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Who captures the most fascinating moments for us? Our photographer Florian Voggeneder, who actively participates in our missions, has a special eye for the right moment. The tireless commitment of our photographers puts us in the pleasant position of being able to access a large pool of unique image material.
Florian, how much planning goes into your images, or how do you lie in wait as a photographer to find the perfect moment, for example when the spacesuit glitters in the last ray of sunlight?
Florian: In search of the most authentic images possible, I go directly into the mission whose authenticity defines the planning. The structures are so well planned out that every AMADEE mission runs accurately and authentically. One can only achieve this authenticity of imagery by becoming part of the mission. After setting up a suitable slot in the DAP (daily activity plan) for media appearances even before the mission starts, it is a challenging game of patience to capture the right moment in the action. My job is not only to follow the DAP, but also to be able to act flexibly to capture unexpected, spontaneous and unique shots that no one would have expected. As you can see, everyone involved in the mission must be very experienced and well-rehearsed.
What was the most curious incident behind one of your pictures?
Florian: No matter how much you plan in advance, it remains an extraordinary experience every time to actually be in the mission environment, in the habitat, standing in the field, looking into the viewfinder or at the display and realizing that you are now part of this unique mission. It’s curious as well as inspiring to suddenly see 2 people in suits walking up the hill and I’m hearing the same radio I usually hear, but suddenly it’s a melding of science and something the world has yet to experience. That feeling of being on the cusp of Mars is something I also try to depict in the photographs, because 21st century humans are not used to seeing people on other planets.
You developed a bridge to Mumble for the backup radio. Have you always been technically interested and savvy or is the ÖWF contagious in that case?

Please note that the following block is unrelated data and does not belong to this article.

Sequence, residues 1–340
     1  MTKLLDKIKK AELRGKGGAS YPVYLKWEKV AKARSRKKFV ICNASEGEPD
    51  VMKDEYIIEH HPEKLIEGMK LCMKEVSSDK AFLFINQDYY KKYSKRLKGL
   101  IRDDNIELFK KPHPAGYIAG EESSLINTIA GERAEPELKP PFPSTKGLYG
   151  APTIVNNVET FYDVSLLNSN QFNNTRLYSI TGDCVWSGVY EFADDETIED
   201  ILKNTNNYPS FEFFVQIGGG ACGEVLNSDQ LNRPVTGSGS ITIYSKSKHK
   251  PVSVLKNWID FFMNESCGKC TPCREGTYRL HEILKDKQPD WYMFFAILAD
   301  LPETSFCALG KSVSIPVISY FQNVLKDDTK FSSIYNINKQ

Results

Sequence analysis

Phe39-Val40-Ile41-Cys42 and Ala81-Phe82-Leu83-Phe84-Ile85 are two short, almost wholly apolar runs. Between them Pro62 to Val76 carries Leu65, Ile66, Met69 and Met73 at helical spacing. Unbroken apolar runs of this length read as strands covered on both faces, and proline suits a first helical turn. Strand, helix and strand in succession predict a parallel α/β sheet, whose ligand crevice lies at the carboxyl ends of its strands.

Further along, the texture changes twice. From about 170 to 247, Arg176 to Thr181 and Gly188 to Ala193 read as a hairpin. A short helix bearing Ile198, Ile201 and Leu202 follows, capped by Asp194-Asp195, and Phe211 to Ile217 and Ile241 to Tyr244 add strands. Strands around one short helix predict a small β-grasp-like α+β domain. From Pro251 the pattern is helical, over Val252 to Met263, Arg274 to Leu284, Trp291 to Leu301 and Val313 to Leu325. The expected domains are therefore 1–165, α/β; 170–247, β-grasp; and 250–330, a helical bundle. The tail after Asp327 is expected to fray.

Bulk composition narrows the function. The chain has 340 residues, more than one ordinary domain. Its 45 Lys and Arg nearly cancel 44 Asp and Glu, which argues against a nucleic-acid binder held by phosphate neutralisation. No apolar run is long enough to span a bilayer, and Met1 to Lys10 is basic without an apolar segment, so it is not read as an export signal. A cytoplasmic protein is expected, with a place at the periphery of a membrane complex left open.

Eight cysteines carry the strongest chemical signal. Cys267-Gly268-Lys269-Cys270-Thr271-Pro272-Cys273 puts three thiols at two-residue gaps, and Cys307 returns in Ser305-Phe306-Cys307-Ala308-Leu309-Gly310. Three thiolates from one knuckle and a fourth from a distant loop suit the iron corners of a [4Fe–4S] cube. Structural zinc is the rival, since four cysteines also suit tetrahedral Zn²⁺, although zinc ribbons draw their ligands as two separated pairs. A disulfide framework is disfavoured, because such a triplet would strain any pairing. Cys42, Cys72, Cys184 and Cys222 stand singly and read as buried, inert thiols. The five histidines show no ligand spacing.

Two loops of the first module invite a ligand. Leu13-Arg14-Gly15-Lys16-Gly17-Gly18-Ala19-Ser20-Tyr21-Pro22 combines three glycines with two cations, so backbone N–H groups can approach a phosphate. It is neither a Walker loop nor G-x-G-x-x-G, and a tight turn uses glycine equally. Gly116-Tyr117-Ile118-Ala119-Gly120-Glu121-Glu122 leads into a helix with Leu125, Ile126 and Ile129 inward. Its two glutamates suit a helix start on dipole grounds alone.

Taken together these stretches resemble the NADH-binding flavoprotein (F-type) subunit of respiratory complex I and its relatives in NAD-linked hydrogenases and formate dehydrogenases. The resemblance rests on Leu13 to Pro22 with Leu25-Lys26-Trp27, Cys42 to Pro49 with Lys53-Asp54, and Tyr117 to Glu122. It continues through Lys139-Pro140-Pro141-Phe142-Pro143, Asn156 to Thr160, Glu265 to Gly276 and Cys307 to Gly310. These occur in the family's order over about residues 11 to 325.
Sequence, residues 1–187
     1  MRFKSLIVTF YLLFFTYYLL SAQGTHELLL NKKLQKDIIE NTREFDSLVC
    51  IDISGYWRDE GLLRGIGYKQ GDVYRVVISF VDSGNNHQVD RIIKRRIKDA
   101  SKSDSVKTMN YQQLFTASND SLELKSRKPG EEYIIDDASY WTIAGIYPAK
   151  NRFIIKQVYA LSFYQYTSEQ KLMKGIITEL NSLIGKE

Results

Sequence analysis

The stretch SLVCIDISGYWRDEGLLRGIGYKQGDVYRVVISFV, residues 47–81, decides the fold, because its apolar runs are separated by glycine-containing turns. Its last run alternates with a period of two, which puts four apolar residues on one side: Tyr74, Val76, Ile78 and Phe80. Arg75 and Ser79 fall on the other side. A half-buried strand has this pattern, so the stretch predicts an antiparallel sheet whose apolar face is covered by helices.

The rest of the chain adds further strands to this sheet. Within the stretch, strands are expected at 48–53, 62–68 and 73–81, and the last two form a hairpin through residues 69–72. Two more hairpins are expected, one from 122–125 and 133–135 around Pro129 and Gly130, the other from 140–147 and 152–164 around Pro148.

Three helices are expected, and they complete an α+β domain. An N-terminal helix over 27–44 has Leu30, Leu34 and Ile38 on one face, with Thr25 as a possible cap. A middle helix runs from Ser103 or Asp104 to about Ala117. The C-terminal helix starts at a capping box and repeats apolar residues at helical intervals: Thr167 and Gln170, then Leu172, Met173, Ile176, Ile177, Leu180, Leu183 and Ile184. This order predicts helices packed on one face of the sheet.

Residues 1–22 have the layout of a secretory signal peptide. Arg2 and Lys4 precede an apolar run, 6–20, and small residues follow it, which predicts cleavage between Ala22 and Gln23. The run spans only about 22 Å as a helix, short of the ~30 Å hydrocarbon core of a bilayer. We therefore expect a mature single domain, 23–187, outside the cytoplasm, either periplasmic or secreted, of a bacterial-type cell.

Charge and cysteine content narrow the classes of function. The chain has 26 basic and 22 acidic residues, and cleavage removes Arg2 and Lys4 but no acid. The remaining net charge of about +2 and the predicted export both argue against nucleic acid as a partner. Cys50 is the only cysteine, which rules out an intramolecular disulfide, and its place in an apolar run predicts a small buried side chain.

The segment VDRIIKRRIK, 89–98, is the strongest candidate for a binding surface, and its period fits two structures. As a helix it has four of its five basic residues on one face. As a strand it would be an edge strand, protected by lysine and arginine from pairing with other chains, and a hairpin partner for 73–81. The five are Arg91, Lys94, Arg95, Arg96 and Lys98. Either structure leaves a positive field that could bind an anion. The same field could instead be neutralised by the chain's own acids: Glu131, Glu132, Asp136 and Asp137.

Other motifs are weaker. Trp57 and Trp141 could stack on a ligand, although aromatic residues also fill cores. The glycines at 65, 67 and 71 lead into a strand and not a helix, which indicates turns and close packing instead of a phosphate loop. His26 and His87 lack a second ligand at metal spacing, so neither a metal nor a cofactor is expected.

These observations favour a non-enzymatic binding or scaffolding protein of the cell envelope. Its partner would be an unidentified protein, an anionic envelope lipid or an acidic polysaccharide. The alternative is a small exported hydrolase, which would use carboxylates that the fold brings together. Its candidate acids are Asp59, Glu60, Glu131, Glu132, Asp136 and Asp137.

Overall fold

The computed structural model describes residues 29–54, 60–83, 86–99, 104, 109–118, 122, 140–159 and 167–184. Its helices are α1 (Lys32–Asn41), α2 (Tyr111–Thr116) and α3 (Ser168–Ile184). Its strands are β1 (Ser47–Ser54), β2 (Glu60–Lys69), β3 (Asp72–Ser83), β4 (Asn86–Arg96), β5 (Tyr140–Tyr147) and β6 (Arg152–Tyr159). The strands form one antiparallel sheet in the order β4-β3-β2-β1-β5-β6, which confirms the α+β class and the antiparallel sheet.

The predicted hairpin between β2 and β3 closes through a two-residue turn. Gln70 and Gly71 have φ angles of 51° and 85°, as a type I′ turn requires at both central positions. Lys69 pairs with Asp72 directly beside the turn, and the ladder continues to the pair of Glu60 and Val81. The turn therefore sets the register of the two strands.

Florian: I’ve had the fundamental interest since I was a kid, ever since I took my dad’s stereo apart into parts. My favorite activity as a child was going to the scrap collection center on Fridays, taking out electronic waste and taking it apart in the workshop at home. I went on to study media arts and in my artistic work this fascination remained. Signals I find interesting in all their forms and at OeWF they asked me if I could build something out of my fascination with them that would be helpful in the mission. Eventually it came down to the home-built backup radio, secured in a sealed case to provide gap closure in case things go quiet on the main channels. Thus, one can check on the backup channels if something is not defective.
What kind of impact does the mission have on you?
Florian: When you think about the current Corona situation and deal with the issue of isolation, the senses play an important role. What I had to learn over and over again was to be able to look forward to something very special when you had a moment to yourself. The day is very strictly timed, there are rarely changes in the schedule and as you know in times of isolation due to the Corona virus, it is important to be able to rely on humanity. The team is very well coordinated and being able to share the emotions that you show in such a unique and new field of research is very important for the success of the mission.
This article is available in: German
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